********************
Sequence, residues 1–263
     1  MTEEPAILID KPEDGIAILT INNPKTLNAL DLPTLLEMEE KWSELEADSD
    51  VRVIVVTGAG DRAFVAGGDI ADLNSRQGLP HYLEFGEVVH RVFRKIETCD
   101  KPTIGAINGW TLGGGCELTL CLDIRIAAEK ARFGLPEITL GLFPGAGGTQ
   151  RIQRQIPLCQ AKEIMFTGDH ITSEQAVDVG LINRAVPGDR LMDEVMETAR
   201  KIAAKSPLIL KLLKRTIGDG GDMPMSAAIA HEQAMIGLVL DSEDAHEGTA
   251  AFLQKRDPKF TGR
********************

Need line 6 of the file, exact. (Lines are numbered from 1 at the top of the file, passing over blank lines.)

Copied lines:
   201  KIAAKSPLIL KLLKRTIGDG GDMPMSAAIA HEQAMIGLVL DSEDAHEGTA